NBC News Student Seminar Highlights Unusual Education Effort
NEW YORK (AP) — Leaning into education aggressively and uncommonly so for a media organization, NBC News is making its leaders available to students this week for a one-day digital seminar on how to succeed in the news business.
The second Next Level Summit being held Tuesday is part of NBCU Academy, a nearly two-year-old initiative that also includes jobs, journalism training videos and partnerships with some 45 colleges and universities.
The effort is aimed primarily, but not exclusively, at students from diverse backgrounds. Cesar Conde, chair of the NBC Universal News Group, said in 2020 that his goal was to have a company workforce that was at least half women and half people of color.
The presidents of NBC News, MSNBC and CNBC are all participating in Tuesday’s summit, speaking on how students can help meet the demand for digital and streaming content. Other panels include using social media for newsgathering and new technology in sports coverage.
NBC Universal committed to $6.5 million in funding for NBCU Academy when it was announced at the beginning of last year.
The aim is to grow journalists, said Yvette Miley, who runs NBCU Academy as senior vice president of diversity, equity and inclusion at the news group.
“You can’t just sit in the back end of the pipeline and wait for students to come out of it ready to go,” Miley said.
NBC helps develop courses and conduct workshops at participating schools. The network funds scholarships and has hired 11 young journalists for a two-year “embed” program — all of them from diverse backgrounds. Since Conde announced his goals, 48% of the news group’s new hires have been people of color, and 63% are women.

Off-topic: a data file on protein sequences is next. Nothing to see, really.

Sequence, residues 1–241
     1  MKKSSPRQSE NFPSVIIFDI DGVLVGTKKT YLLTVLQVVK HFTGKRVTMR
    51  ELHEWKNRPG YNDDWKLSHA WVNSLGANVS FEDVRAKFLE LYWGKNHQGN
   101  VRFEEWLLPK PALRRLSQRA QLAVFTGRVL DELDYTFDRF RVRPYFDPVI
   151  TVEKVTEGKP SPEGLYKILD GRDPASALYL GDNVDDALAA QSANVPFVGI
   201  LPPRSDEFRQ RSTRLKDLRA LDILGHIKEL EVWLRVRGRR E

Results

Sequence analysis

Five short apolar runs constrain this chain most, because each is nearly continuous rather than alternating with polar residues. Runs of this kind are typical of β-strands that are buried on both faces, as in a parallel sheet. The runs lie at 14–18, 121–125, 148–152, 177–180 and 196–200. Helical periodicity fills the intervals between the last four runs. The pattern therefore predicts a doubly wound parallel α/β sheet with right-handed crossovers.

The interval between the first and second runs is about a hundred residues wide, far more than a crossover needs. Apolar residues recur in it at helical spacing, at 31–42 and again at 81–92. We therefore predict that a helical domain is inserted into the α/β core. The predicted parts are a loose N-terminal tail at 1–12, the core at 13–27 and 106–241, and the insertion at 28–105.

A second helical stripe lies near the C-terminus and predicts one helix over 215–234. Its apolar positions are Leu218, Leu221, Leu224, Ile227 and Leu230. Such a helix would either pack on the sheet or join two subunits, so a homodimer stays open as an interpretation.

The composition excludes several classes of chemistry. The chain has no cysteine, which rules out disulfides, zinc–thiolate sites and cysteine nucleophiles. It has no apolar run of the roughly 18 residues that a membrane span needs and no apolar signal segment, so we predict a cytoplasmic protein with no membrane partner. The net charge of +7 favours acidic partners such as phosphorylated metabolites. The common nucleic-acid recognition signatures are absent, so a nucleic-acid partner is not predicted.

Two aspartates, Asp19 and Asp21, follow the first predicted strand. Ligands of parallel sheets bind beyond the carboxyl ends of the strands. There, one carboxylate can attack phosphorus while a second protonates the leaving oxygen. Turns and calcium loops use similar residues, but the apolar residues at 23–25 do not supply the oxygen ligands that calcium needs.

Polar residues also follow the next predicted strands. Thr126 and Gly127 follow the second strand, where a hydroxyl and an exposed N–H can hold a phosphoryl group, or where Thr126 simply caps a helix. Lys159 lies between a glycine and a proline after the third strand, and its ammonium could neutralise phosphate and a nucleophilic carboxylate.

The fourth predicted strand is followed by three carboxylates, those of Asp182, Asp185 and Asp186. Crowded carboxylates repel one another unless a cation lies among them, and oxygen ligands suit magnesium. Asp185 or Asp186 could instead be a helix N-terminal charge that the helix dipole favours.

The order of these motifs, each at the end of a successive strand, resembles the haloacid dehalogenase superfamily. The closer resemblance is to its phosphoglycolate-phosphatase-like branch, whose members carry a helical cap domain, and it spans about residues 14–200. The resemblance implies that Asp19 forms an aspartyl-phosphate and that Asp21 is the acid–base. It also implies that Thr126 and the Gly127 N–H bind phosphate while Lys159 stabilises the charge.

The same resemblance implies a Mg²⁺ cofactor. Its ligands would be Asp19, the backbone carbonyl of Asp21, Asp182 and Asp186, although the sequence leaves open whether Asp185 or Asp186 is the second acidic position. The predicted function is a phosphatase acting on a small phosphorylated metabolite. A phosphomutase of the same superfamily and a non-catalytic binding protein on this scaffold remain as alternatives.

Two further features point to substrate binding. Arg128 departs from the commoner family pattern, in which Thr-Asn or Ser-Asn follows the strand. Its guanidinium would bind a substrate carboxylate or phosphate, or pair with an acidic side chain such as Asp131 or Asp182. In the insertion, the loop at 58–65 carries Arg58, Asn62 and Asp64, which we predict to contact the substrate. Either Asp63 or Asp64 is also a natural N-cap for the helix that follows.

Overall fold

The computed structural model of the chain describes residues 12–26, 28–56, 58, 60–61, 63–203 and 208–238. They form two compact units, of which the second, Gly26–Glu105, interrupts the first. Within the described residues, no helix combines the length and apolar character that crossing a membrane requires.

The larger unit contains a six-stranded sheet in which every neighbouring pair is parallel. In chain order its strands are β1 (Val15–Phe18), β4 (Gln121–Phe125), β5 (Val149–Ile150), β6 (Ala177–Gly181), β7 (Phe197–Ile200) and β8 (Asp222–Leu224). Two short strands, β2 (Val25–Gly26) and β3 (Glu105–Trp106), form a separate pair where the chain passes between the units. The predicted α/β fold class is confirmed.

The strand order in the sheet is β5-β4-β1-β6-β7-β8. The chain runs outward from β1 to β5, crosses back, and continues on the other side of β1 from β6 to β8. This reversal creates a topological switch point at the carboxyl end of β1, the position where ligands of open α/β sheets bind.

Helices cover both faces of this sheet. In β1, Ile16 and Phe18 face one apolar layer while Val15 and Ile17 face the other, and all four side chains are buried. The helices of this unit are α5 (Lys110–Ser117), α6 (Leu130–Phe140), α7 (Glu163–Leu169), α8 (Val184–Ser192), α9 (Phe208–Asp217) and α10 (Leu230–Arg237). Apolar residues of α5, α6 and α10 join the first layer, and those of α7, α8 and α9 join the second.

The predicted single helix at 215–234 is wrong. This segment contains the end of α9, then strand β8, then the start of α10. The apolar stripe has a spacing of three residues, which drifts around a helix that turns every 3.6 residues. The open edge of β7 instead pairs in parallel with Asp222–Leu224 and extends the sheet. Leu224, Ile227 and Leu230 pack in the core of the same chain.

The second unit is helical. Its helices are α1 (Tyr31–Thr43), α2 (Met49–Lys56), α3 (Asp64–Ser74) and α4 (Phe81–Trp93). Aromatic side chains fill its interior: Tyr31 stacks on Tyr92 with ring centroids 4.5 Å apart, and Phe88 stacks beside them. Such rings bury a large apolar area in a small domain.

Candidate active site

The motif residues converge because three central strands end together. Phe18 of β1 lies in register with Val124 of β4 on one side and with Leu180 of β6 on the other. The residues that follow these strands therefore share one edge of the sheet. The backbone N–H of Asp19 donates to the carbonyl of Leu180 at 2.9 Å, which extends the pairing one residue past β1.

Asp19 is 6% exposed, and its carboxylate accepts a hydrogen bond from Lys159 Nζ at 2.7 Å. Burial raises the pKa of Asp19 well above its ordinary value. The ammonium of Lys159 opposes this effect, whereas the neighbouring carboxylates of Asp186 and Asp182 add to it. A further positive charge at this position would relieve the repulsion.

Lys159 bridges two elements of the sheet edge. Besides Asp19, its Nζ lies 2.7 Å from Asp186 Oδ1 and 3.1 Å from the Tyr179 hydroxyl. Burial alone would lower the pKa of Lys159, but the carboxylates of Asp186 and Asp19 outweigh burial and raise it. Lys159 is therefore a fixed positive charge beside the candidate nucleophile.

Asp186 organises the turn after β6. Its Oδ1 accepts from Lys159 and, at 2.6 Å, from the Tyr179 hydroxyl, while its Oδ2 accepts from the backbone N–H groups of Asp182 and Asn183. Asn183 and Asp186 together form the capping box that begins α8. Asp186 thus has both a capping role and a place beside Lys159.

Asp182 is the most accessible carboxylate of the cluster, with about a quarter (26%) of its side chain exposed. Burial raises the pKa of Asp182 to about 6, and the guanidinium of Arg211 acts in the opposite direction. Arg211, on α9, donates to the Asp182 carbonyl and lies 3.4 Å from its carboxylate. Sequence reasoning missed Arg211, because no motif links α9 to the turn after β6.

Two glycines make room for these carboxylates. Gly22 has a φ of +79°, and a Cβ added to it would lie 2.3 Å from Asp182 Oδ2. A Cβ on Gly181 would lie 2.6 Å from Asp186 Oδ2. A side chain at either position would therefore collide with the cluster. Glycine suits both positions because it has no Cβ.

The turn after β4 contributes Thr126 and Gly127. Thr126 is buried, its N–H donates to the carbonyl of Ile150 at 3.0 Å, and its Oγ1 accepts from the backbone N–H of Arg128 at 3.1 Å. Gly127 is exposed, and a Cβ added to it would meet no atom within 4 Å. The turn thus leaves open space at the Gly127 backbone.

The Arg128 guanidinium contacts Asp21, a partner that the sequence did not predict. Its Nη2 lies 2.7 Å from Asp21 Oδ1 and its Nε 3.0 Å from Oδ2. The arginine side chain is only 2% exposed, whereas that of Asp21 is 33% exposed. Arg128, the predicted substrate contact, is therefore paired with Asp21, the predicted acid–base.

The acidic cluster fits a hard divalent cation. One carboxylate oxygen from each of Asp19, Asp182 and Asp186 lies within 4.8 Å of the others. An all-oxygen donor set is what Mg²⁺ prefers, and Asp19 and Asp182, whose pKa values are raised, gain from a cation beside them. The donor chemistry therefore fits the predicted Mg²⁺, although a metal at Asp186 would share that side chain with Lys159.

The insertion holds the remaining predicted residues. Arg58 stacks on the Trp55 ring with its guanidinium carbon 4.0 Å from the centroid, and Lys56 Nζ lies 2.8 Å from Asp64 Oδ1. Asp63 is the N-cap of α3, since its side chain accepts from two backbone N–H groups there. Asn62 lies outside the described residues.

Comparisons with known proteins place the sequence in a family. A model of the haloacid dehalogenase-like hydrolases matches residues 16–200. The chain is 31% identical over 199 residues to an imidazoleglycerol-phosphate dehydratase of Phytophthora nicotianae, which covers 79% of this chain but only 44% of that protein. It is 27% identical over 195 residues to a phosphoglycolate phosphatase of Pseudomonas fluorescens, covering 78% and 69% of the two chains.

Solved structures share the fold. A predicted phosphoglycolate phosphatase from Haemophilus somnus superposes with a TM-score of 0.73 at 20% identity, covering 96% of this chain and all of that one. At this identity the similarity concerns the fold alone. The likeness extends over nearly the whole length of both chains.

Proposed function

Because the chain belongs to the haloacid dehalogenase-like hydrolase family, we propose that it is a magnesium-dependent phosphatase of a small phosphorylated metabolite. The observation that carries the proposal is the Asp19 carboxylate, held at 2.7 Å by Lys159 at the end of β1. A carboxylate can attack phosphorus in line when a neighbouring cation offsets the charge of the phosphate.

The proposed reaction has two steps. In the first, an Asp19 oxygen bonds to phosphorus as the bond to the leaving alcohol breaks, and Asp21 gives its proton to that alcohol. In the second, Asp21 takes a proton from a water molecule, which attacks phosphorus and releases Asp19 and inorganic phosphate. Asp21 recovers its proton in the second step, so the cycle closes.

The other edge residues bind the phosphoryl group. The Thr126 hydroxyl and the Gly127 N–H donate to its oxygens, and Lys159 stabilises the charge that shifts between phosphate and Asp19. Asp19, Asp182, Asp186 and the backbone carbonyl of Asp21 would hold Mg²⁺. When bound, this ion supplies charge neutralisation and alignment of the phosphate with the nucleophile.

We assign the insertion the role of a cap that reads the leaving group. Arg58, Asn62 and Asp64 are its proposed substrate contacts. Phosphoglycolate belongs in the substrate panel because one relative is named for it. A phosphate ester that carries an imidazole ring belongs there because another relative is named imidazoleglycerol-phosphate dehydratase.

Jose Diaz-Balart, Tom Llamas, Chuck Todd and Kristen Welker are among the NBC News personalities who have filmed video tutorials on such subjects as interview techniques and how to deal with sources. They’re available for any educator to use.
MSNBC President Rashida Jones is among the executives who make themselves available for mentoring.
Jones said she went to college wanting to become a print reporter, because she thought the only jobs available in television news were on-air reporters. She quickly learned about other roles, such as producing, which she was doing for a local station in Norfolk, Virginia, before she even finished school.
“Every time I speak to students I think of the 17-year-old version of myself and what I wanted to learn,” Jones said.
Her central advice: Prepare, even over-prepare, for interviews and new jobs so you aren’t surprised by what comes your way.
At the University of Missouri School of Journalism, NBC helped conduct workshops on diversity and investigative reporting for high school students this past summer, said dean David Kurpius.
Students respond positively to advice from experts — some of whom they recognize — who are currently working in the business, he said.
“I think these attract students and more new employees who are very much going to be the future leaders in this industry and that’s very important,” he said.
Through the academy, NBC is also helping fund documentary projects, sending out guest lecturers and offering career coaching. A journalism boot camp was conducted at the U.S. Open golf tournament, Miley said.
She also issued a challenge.
“We have an opportunity to lead in this space and I certainly hope other companies find their way into this space,” she said.